-- frank

    • Therefore -- and I think this is a shift from my earlier thinking -- perhaps the question to ask isn't "how much should we spend in order to spread the right ideas?". Because that'll just feed into the crazed 'logic' of idea capitalism -- more money, more mindshare.

      Perhaps the question we should ask is, "how can we spread ideas far and wide using less money?"

      -- frank

    • David,

      Did so, but "meme theory" still seems quite useless at this point in time, unfortunately...

      -- frank

    • "meme theory"?

      Absolutely fine. Until you look at how the theory just glides smoothly over the notion of 'competition' when using the analogy with evolution.

      The environment this particular meme has to evolve and spread in is already fairly well occupied, if not completely polluted, by its anti-meme. Which is obviously not just a different, opposing idea, but one that is hostile, aggressive and rejectionist. In fact, it's predatory.

      There's no happy evolution possible towards serene coexistence with 2 different memes finding their own separate, comfortable niches. It's do or die.

      And in generating or opposing ideas in modern societies, money in the form of advertising and other publicity is definitely with the predator so far. The wonder is that so many, rather than so few, of the population at large accepts the scientific reality in the face of such powerful forces.

    • "There’s no happy evolution possible towards serene coexistence with 2 different memes finding their own separate, comfortable niches."

      But isn't that what we do have in our modern world Adelady? The selective way people acquire their news and opinion has created islands of thought that are increasingly unconnected and meme-niches develop.

      So not only are the arguments for accepting scientific reality easy prey, they may not even be getting into the same ecosystems in the first place. We see them thriving happily in our own ecosystems, free from rats... hmmm this analogy can extend indefinitely. Dodos? Too friendly and innocent for their own good?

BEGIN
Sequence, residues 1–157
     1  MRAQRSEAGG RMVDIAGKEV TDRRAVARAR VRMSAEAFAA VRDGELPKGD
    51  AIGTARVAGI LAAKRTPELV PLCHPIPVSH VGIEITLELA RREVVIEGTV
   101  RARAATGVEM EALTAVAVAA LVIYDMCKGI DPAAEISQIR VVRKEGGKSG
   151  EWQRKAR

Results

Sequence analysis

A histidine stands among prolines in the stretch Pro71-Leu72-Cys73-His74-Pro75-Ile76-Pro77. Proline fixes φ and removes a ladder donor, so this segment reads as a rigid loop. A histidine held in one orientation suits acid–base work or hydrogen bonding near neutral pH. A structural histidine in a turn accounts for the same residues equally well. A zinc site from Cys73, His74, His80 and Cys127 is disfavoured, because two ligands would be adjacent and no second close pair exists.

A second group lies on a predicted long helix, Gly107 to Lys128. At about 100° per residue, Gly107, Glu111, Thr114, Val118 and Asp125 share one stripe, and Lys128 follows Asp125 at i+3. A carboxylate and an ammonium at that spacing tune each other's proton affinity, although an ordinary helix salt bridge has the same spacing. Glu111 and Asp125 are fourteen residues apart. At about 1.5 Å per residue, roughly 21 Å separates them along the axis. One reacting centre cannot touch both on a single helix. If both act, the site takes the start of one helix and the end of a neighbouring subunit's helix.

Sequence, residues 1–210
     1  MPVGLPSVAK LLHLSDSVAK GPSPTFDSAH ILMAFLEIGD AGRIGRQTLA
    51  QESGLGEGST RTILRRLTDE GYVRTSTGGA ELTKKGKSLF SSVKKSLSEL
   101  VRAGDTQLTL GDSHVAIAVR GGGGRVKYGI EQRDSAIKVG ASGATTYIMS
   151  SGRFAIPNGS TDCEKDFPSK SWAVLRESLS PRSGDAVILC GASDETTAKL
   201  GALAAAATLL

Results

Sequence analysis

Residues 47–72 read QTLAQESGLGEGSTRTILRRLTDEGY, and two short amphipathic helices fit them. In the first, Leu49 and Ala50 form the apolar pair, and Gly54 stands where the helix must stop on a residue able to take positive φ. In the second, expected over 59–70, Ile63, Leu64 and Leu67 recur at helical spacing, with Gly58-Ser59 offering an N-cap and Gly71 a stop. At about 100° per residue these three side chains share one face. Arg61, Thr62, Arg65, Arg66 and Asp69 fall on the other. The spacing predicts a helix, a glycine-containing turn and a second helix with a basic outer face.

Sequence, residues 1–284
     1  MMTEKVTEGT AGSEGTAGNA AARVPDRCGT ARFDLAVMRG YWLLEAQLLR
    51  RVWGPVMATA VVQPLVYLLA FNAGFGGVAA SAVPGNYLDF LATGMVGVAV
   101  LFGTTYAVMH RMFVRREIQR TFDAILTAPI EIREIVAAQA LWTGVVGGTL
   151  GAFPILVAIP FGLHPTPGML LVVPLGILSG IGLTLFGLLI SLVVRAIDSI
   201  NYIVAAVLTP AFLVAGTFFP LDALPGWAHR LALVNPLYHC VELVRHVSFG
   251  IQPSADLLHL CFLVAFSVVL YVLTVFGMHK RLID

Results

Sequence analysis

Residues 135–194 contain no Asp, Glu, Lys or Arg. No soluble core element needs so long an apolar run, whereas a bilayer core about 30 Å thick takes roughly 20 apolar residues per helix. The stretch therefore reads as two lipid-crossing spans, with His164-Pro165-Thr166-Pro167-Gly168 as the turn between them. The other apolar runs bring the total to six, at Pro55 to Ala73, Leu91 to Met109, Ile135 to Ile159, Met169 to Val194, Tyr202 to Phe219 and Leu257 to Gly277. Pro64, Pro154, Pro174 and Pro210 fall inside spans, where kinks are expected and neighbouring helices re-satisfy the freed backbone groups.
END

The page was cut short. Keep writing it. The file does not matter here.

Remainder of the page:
I'm losing my train of thought here. It's the 'happy' part that matters. We can certainly get serene coexistence, it just not going to be happy.

    • If memes are genes, then surely Monsanto.

      More importantly, I don't see the "meme theory" use of evolutionary metaphors to be leading to anything other than more useless metaphors.

      People seem to be having much greater success in changing other people's minds by using other approaches -- such as (1) throwing money to dittoheads, (2) leaking (or hacking out) information about adversaries, and (3) disrupting events and channels aimed at disseminating actual facts and science. In contrast, meme theory's success rate at any actual tasks seems to be hovering around zero.

      So again, the question: how can we spread ideas far and wide using less money?

      -- frank

  5. Scientists and other communicators can eliminate the negative effects of uncertainty by limiting their own communication to that which is certain. It is harder so restricted, but results in better arguments.

    I don't understand the headline Uncertainty is Not Your Friend. The body is all about uncertainty as an argument for action, the certainty of action being greater than the uncertainty of the science. The precautionary principle provides for acting within that uncertainty. Neither the science nor the precautionary principal can tell you what particular action to take.

    • (Sigh.) Nope.

      If you limit yourself to what is epistemologically certain, you cannot discuss science at all.

      If you limit yourself to what is practically certain, there still is very little science you can discuss, and hardly any earth science, and no economics whatsoever.